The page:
page 508full well that the provisions must fail in the end. During this siege an incident occurred which is very characteristic of Maori life in the old days: Within the pa was a man named Nga-Motu who was related to some of the besiegers, who desired to save his life; so he was karangatia, or called by name, and told to come out, when his life would be spared. But, mistrusting Waikato, he replied that he preferred to remain with his Ngati-Rua-nui relatives, and, if necessary, die with them.

So the siege continued until Ngati-Rua-nui were reduced to straits for want of sustenance. Three months—the Native accounts say—did they hold out, and then one of the Waikato chiefs, Tikaokao of Mokau, was admitted to the pa to discuss terms of surrender. Some of Ngati-Rua-nui proposed to kill the emissary.* This was not agreed to by the others, but when the surrender of the pa took place shortly after, it led to the killing of some of those who had entertained the treacherous design. The rest of the principal people of the pa were taken as prisoners, and amongst them their high chief Te Rei-Hana-taua. It was principally the Tangahoe division of Ngati-Rua-nui who suffered in this affair.

It is said by one of my informants that Te Hana-taua was not taken at Te Ruaki, but after the pa fell Waikato raided into that part of Patea occupied by the Paka-kohi hapu of Ngati-Rua-nui, when, in an engagement, he and others were captured. After these events Waikato moved off to try conclusions again with Mata-katea, who then occupied Waimate pa.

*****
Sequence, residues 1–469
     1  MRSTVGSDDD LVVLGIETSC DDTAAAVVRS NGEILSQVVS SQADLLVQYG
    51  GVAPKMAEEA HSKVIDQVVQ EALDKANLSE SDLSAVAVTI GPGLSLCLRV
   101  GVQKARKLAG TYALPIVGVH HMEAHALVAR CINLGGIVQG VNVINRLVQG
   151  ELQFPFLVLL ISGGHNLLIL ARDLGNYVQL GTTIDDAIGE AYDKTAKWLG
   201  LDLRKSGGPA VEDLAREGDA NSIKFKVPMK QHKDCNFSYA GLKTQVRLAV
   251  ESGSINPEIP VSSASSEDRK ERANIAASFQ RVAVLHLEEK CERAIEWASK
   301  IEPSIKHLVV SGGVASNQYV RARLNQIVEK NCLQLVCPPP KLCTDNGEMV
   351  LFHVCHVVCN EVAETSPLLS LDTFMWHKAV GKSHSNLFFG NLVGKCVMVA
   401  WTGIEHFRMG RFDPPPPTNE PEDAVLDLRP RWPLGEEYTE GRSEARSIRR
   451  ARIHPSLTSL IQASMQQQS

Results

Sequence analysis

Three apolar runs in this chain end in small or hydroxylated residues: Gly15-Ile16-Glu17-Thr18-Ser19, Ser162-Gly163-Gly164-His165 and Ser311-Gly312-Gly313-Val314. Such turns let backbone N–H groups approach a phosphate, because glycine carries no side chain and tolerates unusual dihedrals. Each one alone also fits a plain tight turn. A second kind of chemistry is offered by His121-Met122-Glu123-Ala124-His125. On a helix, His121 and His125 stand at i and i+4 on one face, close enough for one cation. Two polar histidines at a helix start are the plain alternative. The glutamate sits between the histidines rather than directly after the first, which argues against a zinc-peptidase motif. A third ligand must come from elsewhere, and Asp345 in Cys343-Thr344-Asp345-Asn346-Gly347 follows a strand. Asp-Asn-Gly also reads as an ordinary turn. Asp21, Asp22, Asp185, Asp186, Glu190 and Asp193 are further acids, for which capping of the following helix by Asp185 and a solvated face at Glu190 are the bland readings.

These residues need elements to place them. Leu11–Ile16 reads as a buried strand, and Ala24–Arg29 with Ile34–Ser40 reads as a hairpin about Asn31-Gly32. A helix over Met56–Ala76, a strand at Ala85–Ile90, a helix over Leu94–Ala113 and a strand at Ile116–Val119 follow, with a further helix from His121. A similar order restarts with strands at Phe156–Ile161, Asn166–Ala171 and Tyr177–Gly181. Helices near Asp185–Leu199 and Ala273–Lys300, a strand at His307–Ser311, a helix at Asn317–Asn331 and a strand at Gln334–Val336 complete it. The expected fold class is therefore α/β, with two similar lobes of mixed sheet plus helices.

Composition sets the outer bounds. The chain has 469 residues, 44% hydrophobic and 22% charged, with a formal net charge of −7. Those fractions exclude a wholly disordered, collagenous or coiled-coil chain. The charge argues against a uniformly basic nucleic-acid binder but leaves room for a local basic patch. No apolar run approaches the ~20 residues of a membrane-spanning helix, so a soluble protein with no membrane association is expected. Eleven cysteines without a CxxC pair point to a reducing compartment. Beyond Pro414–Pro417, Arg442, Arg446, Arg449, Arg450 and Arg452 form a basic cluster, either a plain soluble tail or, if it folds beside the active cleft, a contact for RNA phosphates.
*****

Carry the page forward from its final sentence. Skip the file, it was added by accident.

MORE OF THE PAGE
The following is the lament composed by Waikato and sung for those of their tribe who fell at Te Ruaki. It was obtained from the well-known Waikato chief Honana Te Maioha in 1895:—

Tera ia te pae-whenua
He ata ka marama,
E mihi ana au—e—.
Ki te kino kainga i raro i nga muri
Ma Tama na Tu—e—,
Hurihurihia iho ra
Te kiri o te makau—u—
Kia hongi atu au—e—i,
He kakara ka ruru,
Te kakara o te ipo,

* One account says he was killed, but I saw the man at Upper Mokau in 1858, then of a considerable age.